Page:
A behavioural comparison of route choice on metro networks: Time, transfers, crowding, topology and socio-demographics

Document Type

Journal Article

Publication Date


Subject Area

infrastructure - interchange/transfer, mode - subway/metro, operations - crowding, place - europe, place - south america, planning - route design, ridership - behaviour


Decision making, Route choice, Metro networks, Network topology


Understanding travellers’ behaviour is key element in transportation planning. This article presents a route choice model for metro networks that considers different time components as well as variables related to the transferring experience, train crowding, network topology and socio-demographic characteristics. The route choice model is applied to the London Underground and Santiago Metro networks, to make a comparison of the decision making process of the users on both cities. As all the variables are statistically significant, it is possible to affirm that public transport users take into account a wide variety of elements when choosing routes. While in London the travellers prefer to spend time walking, in Santiago is preferable to spend time waiting. Santiago Metro users are more willing to travel in crowded trains than London Underground users. Both user groups have a similar dispreference to transfers after controlling for the time spent on transfer, but different attitudes to ascending and descending transfers. Topological factors presented on a distorted Metro map are more important than actual topology to passengers’ route choice decisions.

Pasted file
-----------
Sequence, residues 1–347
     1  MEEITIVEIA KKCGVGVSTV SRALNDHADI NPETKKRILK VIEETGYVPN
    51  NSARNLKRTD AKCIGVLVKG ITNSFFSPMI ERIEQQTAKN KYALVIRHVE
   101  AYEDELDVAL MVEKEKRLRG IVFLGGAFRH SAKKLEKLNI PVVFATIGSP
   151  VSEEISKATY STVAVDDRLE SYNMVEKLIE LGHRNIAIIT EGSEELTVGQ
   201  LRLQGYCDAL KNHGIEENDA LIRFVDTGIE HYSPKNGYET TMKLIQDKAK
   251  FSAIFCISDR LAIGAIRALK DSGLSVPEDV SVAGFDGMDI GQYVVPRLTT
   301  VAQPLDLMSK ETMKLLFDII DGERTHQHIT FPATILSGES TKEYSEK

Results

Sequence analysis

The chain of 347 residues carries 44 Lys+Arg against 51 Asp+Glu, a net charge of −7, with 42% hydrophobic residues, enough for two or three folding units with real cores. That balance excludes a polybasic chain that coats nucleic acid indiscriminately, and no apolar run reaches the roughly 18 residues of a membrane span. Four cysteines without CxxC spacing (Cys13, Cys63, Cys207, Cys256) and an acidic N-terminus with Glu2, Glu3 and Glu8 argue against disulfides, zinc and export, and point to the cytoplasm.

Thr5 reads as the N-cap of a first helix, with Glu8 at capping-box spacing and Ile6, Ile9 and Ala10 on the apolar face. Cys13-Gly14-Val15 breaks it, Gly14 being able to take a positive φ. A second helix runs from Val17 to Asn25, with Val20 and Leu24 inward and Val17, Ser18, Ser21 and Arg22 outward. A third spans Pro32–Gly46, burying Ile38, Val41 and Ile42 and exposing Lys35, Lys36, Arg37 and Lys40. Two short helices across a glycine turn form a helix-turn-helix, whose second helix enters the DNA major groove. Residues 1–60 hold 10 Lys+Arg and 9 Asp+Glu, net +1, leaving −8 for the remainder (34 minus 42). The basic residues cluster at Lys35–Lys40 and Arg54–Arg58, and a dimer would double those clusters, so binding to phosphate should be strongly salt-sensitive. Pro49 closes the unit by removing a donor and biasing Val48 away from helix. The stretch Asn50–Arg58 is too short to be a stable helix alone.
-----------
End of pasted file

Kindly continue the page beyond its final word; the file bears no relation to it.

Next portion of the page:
Permission to publish the abstract has been given by Elsevier, copyright remains with them.


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